Over the summer I spent some time in Ireland, travelling from county to county and visiting different family members. There were all the usual catch-up chats and stories but for the first time I noticed the conversation dwelt more on subjects such as the recession and unemployment rates.
This is not to say there wasn’t the usual banter and optimism I’d come to expect from them, but as an unemployed person myself at the time, I sensed a feeling of sympathy or even pity towards me on occasions.
I’ve heard things said like ‘I feel sorry for you’ or ‘I despair for the youth of today’ I also heard that it had been the worst time to graduate in twenty years. All of this got me thinking, is it really that bad? And my answer would be no.
I think what my family were actually getting at was their disillusionment with the lack of jobs around and the increasing redundancies and unemployment rate; things that have hit very hard in the UK and Ireland.
They were referring to a time when it was normal for someone to enjoy a solid and structured job for his or her entire career. They’d been valued by their employer and had benefited from that security and it had provided them with a constant income that allowed them to raise a family.
Redundancy is now commonplace and in many cases, it’s a risk of the job you must accept. The notion that one can join a company and work his/her way up within its hierarchy, enjoying the perks along the way, whilst not unheard of, is surely a receding one.
Throughout a career it’s become more common to hopscotch from job to job, gaining more experience and strengthening a CV as you go. Whether a person finding their feet in their career or having to change direction at a later stage it is normal to move around and during a recession, experience becomes even more valuable. So time spent in a role should be considered experience banked rather than time wasted.
When I left University, I was told by lots of people that my first graduate job wouldn’t be my last and because you have started working in one sector this doesn’t necessarily mean you’ll forge a career there. It was expected that you’d have to find your own paths and look for other entrances to the job you want. This may or may not be true but I think we’re now being conditioned to move around in our careers and take on fresh opportunities.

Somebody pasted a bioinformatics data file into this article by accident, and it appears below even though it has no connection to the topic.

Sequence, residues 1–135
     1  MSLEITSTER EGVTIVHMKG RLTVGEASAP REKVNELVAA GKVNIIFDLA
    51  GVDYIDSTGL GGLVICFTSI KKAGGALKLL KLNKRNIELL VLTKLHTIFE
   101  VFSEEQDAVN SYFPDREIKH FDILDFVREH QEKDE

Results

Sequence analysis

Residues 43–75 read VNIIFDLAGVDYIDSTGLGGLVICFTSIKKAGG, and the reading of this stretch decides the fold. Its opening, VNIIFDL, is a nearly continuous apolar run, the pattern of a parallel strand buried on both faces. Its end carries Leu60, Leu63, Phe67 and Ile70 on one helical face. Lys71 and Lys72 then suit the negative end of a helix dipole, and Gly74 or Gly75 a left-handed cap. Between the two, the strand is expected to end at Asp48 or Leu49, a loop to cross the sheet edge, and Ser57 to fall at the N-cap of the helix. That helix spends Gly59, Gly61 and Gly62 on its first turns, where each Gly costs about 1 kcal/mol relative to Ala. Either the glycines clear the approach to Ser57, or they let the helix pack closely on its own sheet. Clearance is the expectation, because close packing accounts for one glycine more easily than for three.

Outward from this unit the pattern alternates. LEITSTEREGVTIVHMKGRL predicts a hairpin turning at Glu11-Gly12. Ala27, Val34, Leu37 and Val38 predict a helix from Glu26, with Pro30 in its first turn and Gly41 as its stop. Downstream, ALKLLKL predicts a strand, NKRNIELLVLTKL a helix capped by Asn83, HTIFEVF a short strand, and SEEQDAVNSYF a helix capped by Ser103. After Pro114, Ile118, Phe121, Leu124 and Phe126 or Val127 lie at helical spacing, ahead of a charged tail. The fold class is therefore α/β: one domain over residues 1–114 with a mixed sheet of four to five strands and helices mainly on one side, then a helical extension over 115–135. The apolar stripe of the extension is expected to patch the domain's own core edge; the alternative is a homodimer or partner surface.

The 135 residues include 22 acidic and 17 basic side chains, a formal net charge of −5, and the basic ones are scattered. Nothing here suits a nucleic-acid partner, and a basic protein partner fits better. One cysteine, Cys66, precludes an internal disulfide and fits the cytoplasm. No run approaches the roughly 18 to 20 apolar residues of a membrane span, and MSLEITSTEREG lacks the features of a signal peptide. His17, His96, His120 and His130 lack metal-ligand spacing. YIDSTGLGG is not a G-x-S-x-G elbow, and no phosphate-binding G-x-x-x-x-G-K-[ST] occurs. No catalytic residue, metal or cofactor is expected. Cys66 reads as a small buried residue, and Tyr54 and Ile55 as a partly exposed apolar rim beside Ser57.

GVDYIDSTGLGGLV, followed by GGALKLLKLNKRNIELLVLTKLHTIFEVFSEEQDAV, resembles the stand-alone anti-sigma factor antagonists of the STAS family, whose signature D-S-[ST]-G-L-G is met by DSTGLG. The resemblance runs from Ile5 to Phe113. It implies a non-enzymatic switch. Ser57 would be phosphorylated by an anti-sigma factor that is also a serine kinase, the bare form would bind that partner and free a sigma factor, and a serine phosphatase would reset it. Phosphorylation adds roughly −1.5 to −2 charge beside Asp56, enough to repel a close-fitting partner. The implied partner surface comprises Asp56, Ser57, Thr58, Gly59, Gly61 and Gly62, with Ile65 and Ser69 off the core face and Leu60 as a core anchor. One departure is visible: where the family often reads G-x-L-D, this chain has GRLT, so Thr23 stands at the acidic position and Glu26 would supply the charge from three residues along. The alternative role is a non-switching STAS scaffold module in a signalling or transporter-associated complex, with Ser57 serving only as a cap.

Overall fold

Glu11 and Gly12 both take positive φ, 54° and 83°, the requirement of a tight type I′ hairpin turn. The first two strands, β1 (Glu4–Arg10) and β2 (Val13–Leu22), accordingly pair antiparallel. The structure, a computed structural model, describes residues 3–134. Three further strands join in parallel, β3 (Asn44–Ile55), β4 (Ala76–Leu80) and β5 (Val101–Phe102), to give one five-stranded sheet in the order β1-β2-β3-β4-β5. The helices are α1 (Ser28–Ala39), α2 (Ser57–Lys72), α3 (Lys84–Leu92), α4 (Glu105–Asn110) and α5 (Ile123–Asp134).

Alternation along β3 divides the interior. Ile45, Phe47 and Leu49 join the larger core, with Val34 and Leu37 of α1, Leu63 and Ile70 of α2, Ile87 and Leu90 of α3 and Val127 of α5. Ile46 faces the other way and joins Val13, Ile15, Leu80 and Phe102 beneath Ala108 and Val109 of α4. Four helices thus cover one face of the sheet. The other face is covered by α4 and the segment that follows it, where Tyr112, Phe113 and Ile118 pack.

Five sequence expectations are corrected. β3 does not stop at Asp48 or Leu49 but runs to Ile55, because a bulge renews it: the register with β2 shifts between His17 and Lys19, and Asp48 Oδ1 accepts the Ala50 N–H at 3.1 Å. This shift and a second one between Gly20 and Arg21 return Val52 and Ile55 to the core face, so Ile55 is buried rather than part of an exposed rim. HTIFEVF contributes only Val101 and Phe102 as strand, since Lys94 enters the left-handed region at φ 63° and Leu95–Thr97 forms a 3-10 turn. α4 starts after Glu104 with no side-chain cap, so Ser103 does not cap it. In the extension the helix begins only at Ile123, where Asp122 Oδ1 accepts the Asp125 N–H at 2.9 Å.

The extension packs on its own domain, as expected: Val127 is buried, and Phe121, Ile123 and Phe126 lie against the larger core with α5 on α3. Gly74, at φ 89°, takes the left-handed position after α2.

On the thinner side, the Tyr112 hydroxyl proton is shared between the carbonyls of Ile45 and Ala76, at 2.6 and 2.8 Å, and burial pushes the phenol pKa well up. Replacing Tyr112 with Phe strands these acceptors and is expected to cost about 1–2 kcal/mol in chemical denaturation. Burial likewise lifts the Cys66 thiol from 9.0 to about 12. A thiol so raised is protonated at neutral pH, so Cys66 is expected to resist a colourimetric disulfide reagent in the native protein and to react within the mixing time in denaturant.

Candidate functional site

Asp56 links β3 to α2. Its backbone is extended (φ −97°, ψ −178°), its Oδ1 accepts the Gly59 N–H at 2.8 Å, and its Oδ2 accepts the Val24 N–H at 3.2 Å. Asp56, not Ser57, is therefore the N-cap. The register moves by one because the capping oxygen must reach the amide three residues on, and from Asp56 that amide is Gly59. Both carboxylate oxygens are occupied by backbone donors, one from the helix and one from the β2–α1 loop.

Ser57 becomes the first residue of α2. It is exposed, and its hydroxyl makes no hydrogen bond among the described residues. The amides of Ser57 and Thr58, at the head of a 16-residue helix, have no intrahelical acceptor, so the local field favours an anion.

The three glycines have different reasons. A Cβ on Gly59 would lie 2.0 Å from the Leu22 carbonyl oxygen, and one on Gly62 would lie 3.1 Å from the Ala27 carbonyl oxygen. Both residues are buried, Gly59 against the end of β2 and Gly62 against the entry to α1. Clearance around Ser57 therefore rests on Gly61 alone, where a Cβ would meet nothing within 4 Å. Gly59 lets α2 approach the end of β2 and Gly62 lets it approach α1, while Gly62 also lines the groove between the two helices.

Many people view this air of uncertainty as a negative thing and whilst it is not pleasant being told you’re surplus to requirements or indeed, being unsure of when you’ll next have to go on the job-hunt, you can take comfort in the fact that it’s normal and a large majority of adults go through the same thing in their career.
I appreciate that for someone who has devoted a great deal of time and effort to their work and to a company, to then be told they are simply redundant is a heartbreaking feeling, but I would encourage them to treat it more as an opportunity rather than as a dead end.
When faced with redundancy more and more people are putting their talents to use, starting up their own businesses and embracing opportunities they might have dismissed as unrealistic in the past.
Whilst redundancy can be a traumatic experience at the time, more and more people are able to look back and say in hindsight, that it was the best thing to have happened to them. It is normal to seek security, especially when it comes to your career and your livelihood but at the same time it is also normal to resist lifestyle changes, and live with inhibition.
One thing is for sure, whilst redundancy figures may be high, the variation in career opportunities has never been higher. There is a huge amount of training available to help kick start a new career or a business and an unprecedented number of areas to do it in, meaning that being made redundant might just be the break you needed. Why not give those forgotten business ideas a shot? In the long-term you may even be able to provide employment for others.